Conclusion: This feels like it is aiming to take Loch Lomond on the same sort of spirit journey that the more prestigious distilleries such as Glenfiddich and Glenlivet do with their 18 years. You know, the ones where they emphasise the dark fruit a bit more, make the main whisky very smooth, that kind of thing. Now, those famous whiskies aren’t perfect in my opinion, but still this one feels like it isn’t really reaching their level.

Now let’s look at what it does have. It has the dark fruit – in raisins, blueberries and touches of slightly tarter small red berries. That aspect works. It is pretty smooth as well, especially with water, so not too bad on that side either. It comes within spitting distance of what it is trying to do is what I am saying.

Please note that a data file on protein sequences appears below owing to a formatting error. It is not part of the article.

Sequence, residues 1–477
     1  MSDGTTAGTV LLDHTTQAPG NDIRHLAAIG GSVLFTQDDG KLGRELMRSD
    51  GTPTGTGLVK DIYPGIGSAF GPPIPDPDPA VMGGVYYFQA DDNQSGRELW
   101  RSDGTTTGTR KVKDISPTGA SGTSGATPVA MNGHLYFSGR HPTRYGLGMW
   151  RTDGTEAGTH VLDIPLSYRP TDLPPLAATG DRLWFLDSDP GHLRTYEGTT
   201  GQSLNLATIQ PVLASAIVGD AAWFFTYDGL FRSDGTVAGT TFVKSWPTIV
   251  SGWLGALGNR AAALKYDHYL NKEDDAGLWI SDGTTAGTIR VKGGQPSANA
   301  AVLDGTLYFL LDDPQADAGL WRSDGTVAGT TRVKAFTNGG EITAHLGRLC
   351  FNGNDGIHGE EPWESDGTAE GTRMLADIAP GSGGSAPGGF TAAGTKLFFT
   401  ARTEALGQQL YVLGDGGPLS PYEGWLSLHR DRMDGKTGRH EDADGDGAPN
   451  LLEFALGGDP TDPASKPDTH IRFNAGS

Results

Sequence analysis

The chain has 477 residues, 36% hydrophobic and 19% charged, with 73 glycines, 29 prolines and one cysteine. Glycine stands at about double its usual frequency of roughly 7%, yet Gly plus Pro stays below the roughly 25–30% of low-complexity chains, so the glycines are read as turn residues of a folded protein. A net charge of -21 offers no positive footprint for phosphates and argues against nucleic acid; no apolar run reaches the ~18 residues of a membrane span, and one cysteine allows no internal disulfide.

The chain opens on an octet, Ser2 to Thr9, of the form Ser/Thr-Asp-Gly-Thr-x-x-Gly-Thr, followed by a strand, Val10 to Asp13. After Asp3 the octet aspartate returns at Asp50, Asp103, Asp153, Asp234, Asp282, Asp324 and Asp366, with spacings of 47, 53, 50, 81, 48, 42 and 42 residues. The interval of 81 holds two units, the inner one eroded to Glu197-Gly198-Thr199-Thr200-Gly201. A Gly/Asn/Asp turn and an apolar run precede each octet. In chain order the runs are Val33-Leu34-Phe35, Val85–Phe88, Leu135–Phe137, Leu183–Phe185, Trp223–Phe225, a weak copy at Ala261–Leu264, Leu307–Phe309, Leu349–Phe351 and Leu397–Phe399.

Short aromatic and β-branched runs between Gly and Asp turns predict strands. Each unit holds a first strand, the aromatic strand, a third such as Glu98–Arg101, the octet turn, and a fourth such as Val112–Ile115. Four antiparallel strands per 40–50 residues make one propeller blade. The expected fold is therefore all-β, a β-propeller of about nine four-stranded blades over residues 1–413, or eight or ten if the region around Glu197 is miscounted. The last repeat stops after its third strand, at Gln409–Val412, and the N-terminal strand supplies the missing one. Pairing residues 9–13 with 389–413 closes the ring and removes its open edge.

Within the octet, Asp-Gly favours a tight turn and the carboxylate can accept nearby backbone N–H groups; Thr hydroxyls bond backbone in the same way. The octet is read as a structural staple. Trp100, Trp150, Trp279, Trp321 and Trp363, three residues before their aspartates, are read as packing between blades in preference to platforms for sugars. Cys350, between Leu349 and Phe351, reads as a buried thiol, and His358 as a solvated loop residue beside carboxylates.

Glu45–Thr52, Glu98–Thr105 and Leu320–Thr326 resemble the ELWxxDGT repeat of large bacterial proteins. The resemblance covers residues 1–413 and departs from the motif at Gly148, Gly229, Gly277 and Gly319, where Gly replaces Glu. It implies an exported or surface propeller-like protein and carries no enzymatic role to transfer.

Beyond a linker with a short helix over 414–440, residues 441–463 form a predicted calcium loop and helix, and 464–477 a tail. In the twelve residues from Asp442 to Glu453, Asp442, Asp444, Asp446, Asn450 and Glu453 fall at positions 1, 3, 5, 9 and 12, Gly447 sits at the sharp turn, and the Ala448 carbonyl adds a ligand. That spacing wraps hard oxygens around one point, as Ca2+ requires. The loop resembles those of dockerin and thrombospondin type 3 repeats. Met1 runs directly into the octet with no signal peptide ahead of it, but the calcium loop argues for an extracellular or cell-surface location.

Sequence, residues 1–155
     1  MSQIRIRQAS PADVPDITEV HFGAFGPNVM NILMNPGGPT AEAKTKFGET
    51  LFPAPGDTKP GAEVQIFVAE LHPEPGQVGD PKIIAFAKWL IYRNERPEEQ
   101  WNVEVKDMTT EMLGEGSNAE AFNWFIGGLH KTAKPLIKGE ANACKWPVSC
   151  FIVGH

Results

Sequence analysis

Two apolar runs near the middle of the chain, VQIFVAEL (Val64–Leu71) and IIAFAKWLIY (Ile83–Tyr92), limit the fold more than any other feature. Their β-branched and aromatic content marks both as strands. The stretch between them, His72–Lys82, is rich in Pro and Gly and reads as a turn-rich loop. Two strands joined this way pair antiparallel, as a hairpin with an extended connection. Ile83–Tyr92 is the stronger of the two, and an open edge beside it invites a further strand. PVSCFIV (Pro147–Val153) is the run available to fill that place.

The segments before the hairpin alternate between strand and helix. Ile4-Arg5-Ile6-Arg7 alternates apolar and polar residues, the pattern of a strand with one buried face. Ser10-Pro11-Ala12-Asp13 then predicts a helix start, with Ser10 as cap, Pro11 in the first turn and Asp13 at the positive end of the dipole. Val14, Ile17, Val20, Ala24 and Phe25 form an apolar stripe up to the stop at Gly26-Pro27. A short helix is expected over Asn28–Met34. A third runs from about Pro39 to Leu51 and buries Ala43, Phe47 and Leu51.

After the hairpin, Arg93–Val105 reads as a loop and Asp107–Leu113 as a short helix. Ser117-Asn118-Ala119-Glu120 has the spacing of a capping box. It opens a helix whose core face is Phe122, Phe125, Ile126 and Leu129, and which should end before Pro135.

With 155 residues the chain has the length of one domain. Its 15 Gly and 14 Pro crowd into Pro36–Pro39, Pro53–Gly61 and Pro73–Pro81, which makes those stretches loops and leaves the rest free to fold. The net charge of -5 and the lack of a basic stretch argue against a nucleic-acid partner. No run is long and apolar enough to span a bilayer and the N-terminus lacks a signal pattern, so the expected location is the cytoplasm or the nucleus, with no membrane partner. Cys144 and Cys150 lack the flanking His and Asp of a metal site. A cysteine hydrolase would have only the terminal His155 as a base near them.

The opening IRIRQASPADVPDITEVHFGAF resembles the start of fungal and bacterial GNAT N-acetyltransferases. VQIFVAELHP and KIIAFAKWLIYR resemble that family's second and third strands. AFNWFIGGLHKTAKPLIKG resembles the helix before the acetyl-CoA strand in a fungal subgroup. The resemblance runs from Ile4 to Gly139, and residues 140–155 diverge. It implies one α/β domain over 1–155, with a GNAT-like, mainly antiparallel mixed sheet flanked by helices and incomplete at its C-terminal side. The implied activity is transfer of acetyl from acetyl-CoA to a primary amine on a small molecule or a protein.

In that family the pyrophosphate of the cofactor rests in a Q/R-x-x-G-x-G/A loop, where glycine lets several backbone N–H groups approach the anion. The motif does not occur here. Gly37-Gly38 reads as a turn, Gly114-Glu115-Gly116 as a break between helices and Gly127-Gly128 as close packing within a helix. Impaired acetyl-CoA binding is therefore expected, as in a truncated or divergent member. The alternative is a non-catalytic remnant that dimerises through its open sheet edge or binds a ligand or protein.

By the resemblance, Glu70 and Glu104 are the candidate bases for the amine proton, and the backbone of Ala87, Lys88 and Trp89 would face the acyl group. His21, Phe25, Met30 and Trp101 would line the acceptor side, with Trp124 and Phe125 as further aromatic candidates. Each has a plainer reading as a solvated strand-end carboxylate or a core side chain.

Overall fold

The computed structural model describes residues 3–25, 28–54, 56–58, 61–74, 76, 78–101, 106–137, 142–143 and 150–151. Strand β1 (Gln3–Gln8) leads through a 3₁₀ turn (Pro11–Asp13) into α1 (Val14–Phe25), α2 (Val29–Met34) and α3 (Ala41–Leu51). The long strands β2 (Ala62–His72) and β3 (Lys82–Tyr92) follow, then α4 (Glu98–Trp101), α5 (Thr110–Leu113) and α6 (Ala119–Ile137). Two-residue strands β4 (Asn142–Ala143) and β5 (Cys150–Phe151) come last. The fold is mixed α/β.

However there is, well, a kind of alcohol air, like cheaper grain spirit, along with heavy teabag like tannin notes that would have worked in a heavier whisky but felt odd in this smoother fruit fest. Water does help with that, bringing out a smoother flavour, but still with an odd, slightly closed element that is half way between tart grapes and slight metallic notes in the finish.

It feels close to what it should be – the flavours are big all the way into the finish, which is good, it is smooth in the body which is good, but tainted by those off notes that makes it feel like an also ran of the whisky world.

Ok, but far behind the competition.

Background: This is another one grabbed from The Whisky Shop in town, they had a huge range of Loch Lomond in minis so I decided to grab a bit older one to see how it goes. Not been a huge Loch Lomond fan up to now, but some whiskies only really shine in their later years. Put on The Eels: End Times while drinking- only just grabbed it. I always like The Eels, they always feel happy in a sad way, or sad in a happy way, and says that is ok either way. Which is nice.

Loch Lomond: Inchmurrin: Madeira Wood Finish (Scottish Highland Single Malt Whisky: 46% ABV)